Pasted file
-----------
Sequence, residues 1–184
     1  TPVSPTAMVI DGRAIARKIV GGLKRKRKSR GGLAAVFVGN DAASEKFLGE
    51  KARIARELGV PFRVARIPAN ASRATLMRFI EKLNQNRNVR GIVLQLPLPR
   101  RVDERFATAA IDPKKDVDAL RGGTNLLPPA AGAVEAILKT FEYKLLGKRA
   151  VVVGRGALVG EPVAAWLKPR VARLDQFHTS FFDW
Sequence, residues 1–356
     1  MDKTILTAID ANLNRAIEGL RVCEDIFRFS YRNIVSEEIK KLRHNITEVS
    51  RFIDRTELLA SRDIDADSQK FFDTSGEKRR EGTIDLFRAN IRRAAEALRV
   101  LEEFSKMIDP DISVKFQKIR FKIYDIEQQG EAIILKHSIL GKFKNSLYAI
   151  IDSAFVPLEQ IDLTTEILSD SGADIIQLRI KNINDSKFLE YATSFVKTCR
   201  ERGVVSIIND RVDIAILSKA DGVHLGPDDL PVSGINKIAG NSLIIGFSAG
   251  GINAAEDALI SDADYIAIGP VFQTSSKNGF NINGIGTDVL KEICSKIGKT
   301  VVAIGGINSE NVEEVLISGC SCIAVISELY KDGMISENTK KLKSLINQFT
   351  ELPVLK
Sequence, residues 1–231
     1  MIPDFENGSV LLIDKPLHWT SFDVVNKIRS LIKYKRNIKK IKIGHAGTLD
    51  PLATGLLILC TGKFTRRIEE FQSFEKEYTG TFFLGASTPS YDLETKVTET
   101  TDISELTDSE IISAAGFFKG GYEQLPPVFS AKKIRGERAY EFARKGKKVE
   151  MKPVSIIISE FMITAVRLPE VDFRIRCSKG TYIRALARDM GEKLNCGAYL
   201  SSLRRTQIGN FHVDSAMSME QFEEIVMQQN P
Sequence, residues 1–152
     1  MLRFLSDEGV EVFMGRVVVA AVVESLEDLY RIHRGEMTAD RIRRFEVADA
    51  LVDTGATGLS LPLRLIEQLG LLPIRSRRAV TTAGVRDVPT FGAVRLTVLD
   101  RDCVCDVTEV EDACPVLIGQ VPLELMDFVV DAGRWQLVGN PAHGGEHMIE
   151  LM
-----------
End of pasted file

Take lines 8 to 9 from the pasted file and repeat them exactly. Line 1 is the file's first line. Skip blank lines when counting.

    51  RFIDRTELLA SRDIDADSQK FFDTSGEKRR EGTIDLFRAN IRRAAEALRV
   101  LEEFSKMIDP DISVKFQKIR FKIYDIEQQG EAIILKHSIL GKFKNSLYAI